Court dismisses appeal of doctor who did not give foreign worker sick leave after surgery

The Court of Three Judges also allowed an appeal by the Singapore Medical Council and increased Dr Kevin Yip Man Hing's suspension by three months to eight months.
The Court of Three Judges also allowed an appeal by the Singapore Medical Council and increased Dr Kevin Yip Man Hing's suspension by three months to eight months.PHOTO: KEVIN YIP

SINGAPORE - The Court of Three Judges on Tuesday (April 23) dismissed the appeal of orthopaedic surgeon Kevin Yip Man Hing against a conviction of professional misconduct.

It also allowed an appeal by the Singapore Medical Council (SMC) and increased Dr Yip's suspension by three months to eight months.

Following a complaint lodged by migrant worker rights group Humanitarian Organisation for Migration Economics (Home), an SMC disciplinary tribunal handed down the five-month suspension to Dr Yip last year.

The tribunal had found Dr Yip guilty of three charges of failing to ensure that his patient, a 47-year-old construction worker from China, received adequate medical leave on three occasions: after initially examining the patient, and at two follow-up reviews.

The court, comprising judges Andrew Phang, Judith Prakash and Quentin Loh, said in its judgment that the most aggravating factor in the case was that Dr Yip had displayed "complete disregard for the patient's welfare and interest".

It said that Dr Yip failed to consider the patient's multiple serious injuries as significant enough to warrant sick leave and also failed to check whether the patient had been coping with his light duties during the two follow-up reviews.

The case centred on an incident on July 7, 2011, when the patient, who was working as a bricklayer, fell from a scaffolding platform and suffered a fractured collarbone, several rib fractures, and head and wrist injuries.

He was examined by Dr Yip, a private doctor operating his own clinic at the Gleneagles Medical Centre, who operated on his collarbone later that evening.

The patient was then discharged the next morning. Dr Yip gave him sick leave for the two days he had spent in the hospital and certified him fit for light duties for the next three days, from July 9 to July 11.

During two follow-up reviews on July 11 and July 18, Dr Yip again certified the patient fit for light duties for a week at a time.


A third review was scheduled for July 25 but on July 22 the patient went to the emergency department of Tan Tock Seng Hospital complaining of persistent giddiness, nausea and chest pain. He was hospitalised for one day and given hospitalisation leave from July 22 to July 28.

The patient later approached Home for assistance with wage compensation issues and a complaint against Dr Yip was filed with the SMC on his behalf by Home's then executive director Jolovan Wham on Oct 24, 2011.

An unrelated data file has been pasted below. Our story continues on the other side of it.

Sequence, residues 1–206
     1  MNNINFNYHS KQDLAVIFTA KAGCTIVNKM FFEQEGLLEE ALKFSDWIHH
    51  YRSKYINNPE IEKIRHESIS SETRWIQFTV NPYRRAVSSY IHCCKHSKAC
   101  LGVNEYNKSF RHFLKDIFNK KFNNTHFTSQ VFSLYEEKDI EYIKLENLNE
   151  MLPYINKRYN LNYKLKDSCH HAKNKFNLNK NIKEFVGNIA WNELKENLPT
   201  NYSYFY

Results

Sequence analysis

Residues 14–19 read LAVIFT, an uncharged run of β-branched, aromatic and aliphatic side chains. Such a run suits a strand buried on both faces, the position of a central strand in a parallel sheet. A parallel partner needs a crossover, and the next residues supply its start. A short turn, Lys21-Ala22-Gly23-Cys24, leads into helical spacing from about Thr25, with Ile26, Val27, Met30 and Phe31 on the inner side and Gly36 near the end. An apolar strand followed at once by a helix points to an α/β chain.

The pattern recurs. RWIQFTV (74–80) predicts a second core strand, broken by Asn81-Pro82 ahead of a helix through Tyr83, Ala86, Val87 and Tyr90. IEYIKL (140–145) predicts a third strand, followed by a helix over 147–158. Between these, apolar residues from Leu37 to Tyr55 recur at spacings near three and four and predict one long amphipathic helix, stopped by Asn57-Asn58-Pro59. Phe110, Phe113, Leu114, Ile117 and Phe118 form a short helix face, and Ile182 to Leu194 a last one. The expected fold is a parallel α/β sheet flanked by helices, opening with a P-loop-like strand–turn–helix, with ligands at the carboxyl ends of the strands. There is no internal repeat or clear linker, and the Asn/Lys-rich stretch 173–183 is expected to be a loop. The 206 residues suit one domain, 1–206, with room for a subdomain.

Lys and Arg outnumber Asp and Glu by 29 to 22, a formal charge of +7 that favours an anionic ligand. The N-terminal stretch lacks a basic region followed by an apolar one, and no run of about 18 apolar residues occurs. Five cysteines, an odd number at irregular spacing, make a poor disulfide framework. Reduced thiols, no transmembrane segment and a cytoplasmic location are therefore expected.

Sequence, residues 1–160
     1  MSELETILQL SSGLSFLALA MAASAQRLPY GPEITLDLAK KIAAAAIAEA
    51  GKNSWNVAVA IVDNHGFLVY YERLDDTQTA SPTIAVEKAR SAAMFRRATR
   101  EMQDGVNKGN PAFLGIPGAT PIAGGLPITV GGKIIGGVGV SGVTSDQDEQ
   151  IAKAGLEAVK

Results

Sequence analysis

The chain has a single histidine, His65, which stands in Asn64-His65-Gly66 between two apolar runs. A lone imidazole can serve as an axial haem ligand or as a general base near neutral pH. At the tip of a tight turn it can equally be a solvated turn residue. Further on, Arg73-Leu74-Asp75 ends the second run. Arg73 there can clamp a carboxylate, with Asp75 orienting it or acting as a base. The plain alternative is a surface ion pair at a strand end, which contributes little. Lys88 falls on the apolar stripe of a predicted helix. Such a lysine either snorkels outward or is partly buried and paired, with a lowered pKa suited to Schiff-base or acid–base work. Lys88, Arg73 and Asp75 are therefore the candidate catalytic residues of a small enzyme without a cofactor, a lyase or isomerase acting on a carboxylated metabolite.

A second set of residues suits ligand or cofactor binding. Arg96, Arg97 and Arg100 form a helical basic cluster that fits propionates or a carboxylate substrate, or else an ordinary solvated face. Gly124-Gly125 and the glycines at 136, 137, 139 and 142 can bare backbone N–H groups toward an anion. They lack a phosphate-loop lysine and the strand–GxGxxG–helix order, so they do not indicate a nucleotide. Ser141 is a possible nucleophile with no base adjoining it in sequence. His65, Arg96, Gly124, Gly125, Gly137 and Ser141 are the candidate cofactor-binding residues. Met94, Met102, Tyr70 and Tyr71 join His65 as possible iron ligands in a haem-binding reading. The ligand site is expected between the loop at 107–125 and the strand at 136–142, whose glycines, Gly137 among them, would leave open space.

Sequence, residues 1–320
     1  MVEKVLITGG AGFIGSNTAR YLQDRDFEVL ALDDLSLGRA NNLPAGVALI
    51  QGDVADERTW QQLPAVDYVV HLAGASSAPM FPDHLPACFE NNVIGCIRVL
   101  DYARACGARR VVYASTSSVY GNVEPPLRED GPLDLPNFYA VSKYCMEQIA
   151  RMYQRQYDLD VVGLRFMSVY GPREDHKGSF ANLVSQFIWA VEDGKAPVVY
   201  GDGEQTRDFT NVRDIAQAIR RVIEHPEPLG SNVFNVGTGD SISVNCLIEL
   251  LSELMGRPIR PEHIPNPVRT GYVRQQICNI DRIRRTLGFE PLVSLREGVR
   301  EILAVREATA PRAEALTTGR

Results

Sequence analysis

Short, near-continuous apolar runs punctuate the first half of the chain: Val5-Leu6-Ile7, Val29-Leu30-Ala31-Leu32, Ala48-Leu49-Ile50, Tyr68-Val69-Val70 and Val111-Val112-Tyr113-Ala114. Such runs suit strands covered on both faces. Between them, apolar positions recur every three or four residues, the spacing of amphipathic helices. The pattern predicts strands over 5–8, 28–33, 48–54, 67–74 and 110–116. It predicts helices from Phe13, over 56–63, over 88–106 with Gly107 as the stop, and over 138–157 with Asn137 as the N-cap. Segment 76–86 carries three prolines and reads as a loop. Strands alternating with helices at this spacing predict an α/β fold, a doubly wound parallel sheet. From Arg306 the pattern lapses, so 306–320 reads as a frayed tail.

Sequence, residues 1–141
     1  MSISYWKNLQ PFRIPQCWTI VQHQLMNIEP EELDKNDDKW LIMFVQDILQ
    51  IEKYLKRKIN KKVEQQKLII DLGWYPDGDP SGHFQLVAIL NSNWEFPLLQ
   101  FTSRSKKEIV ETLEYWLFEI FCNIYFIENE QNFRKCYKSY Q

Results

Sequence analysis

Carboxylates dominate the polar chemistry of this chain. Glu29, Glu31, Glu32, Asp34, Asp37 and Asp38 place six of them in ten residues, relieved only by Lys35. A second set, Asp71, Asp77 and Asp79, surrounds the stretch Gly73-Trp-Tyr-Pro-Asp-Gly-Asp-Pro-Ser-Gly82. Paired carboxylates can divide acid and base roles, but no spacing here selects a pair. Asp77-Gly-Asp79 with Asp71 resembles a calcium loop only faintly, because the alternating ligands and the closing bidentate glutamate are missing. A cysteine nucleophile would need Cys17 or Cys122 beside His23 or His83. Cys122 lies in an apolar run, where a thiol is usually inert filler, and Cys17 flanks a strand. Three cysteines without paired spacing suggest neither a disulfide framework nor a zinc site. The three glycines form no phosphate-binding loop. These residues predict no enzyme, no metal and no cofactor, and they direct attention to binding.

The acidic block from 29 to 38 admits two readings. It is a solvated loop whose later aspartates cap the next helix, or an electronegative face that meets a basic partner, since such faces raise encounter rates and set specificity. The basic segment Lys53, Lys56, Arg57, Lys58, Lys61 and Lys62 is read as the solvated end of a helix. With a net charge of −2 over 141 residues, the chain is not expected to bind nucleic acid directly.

The complaint stated that Dr Yip should not have given only two days' sick leave to the patient, which covered only his hospitalisation for surgery and not his post-operative recovery.

In January this year, Dr Yip appealed against both his conviction and the five-month suspension meted out by the tribunal, arguing through his lawyer that it was appropriate to give the patient light duties.

The SMC also appealed for a longer suspension of 18 months in total; six months for each of the three charges, to run consecutively.

The Court of Three Judges held that a suspension period of four months for each charge was merited, totalling 12 months.

But it also noted that the disciplinary tribunal had originally handed down a 10-month suspension which was halved in view of an "inordinate delay" in issuing the notice of inquiry on the SMC's part.

Dr Yip was informed of the complaint on May 22, 2012. About a month later, on June 29, 2012, he submitted his explanation to the complaints committee of the SMC's investigation unit.

But it took the SMC three and half years to notify Dr Yip, on Nov 3, 2015, that a formal inquiry would be convened.

The court accepted that the delay resulted in Dr Yip suffering anxiety and distress.

However, it agreed with the SMC that there is a countervailing public interest to safeguard the health and safety of workers, especially vulnerable migrant workers who are dependent on their employers.

The case drew attention to the plight of foreign workers who are not given adequate sick leave for work injuries.

In February this year, workers' rights groups told The Straits Times that many construction and shipyard firms pressure doctors to give their workers no more than two days of sick leave to avoid having to report accidents.

The Ministry of Manpower is now reviewing the law, which currently only requires companies to report incidents to the ministry when workers are given more than three days of sick leave, or if they are hospitalised for at least 24 hours.

Dr Yip's suspension commences four weeks from Tuesday, the date of judgment.